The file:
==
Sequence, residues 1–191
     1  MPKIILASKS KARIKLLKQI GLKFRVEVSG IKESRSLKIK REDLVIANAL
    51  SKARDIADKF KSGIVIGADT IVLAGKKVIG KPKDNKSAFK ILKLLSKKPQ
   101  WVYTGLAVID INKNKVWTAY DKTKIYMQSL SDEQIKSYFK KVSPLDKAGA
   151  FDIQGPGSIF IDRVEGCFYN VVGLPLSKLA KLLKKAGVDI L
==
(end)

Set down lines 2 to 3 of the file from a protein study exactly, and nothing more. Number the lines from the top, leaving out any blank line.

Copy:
     1  MPKIILASKS KARIKLLKQI GLKFRVEVSG IKESRSLKIK REDLVIANAL
    51  SKARDIADKF KSGIVIGADT IVLAGKKVIG KPKDNKSAFK ILKLLSKKPQ